Tag Archives: Wells & Young’s

Courage IRS: a 40-year vertical tasting

Very few beer brands survive today that have modern examples to put into a worthwhile four-decade vertical tasting. That’s simply because forty years ago there were hardly any beers being brewed that had the longevity to be still drinkable when even the most junior brewer involved in their production is now at or approaching retirement age.

It wasn’t looking good for Courage Imperial Russian Stout, which was one of less than a handful of strong beers capable of great age being brewed in the 1970s and which stopped being made in the early 1990s despite a history going back more than two centuries.

But Courage IRS, doubtless in considerable part because Michael Jackson’s World Guide to Beer in 1977 featured it across two pages, has inspired a huge number of imitators in the US and created an extremely popular beer style in the process.

When the Bedford brewer Wells & Youngs acquired the rights to the Courage beer brands from Scottish & Newcastle in 2007, the first two beers from the old Courage stable Wells produced were the Best Bitter and Directors Bitter. But I am sure it quickly occurred to the company’s marketers that here was a chance to bring back a truly iconic beer, which would surely have an instant appeal in the US as the ur-IRS, the Imperial Russian Stout in honour of which all others are named.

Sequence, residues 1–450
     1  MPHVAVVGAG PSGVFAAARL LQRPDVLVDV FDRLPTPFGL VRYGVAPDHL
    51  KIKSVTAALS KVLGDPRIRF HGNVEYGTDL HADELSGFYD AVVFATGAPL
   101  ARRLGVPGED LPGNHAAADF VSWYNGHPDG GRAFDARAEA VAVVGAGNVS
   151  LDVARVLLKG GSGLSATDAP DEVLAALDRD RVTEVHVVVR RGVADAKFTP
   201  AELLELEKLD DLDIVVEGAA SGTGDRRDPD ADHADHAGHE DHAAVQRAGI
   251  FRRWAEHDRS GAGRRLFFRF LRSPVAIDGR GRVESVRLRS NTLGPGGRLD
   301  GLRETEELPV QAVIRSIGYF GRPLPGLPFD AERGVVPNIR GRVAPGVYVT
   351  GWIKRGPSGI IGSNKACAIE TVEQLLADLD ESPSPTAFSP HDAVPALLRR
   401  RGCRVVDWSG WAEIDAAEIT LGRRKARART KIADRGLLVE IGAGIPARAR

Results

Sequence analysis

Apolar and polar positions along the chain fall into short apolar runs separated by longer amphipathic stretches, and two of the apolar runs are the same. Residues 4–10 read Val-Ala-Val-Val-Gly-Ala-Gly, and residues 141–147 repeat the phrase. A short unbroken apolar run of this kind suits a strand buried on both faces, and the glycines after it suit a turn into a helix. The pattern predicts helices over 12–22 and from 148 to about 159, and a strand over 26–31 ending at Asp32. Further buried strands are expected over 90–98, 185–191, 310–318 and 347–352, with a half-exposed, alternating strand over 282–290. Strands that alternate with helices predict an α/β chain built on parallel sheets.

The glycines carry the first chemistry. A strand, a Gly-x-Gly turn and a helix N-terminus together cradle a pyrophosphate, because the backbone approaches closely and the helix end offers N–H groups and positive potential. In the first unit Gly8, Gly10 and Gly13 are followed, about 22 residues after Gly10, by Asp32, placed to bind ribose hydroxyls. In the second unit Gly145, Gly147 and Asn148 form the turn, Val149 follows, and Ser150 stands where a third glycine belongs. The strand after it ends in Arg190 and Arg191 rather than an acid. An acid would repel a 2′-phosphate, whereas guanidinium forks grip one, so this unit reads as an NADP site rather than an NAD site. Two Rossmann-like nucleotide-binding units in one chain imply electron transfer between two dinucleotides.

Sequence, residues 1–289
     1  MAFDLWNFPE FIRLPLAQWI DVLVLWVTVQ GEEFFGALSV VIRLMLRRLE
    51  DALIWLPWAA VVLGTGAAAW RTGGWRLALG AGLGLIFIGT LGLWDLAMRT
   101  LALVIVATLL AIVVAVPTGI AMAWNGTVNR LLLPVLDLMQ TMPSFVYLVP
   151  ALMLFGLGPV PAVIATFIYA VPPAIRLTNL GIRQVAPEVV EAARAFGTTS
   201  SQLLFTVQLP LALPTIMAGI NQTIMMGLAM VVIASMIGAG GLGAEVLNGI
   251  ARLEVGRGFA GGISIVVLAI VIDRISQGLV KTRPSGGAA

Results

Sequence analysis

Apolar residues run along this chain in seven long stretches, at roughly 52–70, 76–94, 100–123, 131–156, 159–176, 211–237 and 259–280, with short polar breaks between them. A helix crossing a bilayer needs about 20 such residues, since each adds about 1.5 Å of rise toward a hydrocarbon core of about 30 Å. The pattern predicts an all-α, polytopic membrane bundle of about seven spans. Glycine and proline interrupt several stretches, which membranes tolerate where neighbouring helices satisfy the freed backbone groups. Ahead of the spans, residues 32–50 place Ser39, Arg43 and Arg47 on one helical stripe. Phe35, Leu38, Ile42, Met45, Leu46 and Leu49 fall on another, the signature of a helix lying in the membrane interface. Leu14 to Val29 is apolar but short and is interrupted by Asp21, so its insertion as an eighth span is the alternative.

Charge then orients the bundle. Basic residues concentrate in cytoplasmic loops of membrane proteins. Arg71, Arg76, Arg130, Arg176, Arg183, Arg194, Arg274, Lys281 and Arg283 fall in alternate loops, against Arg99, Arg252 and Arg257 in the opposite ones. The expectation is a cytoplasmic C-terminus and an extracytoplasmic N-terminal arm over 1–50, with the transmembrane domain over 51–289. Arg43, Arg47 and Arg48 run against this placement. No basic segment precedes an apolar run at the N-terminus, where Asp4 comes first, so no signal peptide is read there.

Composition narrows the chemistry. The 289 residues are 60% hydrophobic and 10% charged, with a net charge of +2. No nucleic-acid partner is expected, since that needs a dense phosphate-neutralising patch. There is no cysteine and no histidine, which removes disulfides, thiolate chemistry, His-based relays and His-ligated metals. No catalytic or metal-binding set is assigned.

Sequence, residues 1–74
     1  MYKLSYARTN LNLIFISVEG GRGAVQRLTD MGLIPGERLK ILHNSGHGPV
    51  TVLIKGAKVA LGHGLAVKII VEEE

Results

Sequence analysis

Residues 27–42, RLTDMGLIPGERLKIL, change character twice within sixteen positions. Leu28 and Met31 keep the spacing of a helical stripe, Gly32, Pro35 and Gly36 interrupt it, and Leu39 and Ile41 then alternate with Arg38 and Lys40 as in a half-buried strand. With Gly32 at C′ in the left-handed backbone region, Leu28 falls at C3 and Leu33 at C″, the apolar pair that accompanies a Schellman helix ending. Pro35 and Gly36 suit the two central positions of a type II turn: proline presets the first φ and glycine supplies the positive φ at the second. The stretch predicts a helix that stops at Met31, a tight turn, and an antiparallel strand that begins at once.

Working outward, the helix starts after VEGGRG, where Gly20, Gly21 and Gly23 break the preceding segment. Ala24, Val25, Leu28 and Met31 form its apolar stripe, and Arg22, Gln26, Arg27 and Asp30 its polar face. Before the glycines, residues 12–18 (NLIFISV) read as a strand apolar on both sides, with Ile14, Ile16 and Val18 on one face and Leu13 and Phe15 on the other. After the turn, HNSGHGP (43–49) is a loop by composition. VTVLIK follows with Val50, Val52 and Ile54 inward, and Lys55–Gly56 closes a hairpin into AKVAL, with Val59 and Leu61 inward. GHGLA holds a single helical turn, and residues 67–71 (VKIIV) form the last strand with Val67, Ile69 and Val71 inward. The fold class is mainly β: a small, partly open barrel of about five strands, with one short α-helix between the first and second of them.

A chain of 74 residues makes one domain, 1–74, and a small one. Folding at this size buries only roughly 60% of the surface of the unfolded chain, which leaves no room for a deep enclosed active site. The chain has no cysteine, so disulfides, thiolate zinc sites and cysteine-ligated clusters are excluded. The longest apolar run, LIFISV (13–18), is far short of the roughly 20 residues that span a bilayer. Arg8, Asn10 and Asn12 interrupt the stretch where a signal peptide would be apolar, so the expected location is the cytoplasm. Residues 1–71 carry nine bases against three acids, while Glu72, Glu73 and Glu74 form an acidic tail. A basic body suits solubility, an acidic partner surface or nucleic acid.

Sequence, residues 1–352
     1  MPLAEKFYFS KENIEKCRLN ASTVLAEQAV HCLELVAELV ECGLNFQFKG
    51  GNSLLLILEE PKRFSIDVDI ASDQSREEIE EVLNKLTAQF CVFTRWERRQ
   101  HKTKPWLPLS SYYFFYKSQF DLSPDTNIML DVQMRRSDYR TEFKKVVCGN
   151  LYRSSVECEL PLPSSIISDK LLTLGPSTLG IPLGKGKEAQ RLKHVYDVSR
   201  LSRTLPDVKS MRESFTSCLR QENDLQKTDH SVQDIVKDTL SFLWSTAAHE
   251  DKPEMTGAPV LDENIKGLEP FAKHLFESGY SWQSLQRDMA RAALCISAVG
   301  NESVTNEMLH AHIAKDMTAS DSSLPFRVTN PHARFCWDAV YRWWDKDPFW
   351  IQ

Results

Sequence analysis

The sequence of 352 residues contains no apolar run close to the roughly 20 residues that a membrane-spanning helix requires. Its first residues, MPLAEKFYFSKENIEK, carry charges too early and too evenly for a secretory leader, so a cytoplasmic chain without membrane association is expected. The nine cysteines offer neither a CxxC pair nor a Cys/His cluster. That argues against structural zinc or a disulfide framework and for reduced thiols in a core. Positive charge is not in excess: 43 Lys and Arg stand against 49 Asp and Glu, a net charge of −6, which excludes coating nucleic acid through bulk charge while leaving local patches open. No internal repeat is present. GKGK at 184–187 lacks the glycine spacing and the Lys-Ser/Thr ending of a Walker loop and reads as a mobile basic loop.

Thus in May last year the Bedford brewery produced the first new brew of Courage Imperial Russian Stout for 18 years, two bottles of which they’ve been kind enough to send to me, to my great delight, as I love a good IRS. And because I’m the sort of sad nerd who stuffs bottles of beers away for decades, I was able to pull out examples of Courage IRS from 1975, 1985 and 1992 to compare against the latest version. Continue reading Courage IRS: a 40-year vertical tasting

Wells gets Younger – which isn’t as old as claimed

Excellent news, I think, that Wells & Young’s has acquired the Scottish brands McEwan’s and Younger’s from their current owner, Heineken.

The announcement last week that W&Y was bringing back Courage Imperial Russian Stout genuinely excited me, and not just because it’s a fantastic beer. It showed that the Bedford company has a shrewd understanding of the sort of niche a medium-sized brewer can exploit with the right brands, and it has cottoned on to the growing desire of drinkers in the UK, the US and elsewhere to drink authentic, heritage beers again. McEwan’s and Younger’s have plenty of heritage – Younger’s No 3, for example.

But I’d like to make it clear, now, that if I notice ANY references by the brand’s new owners to Younger’s being “established in 1749”, I shall be driving up to Bedford and administering a few slaps. Because it wasn’t. This claim of a 1749 foundation date has been around since at least 1861, making it 150 years old, or more, and it still regularly pops up. Only yesterday the Scotsman newspaper printed this rubbish

“William Younger founded Edinburgh’s historic brewing industry when he set up his firm in Leith in 1749.”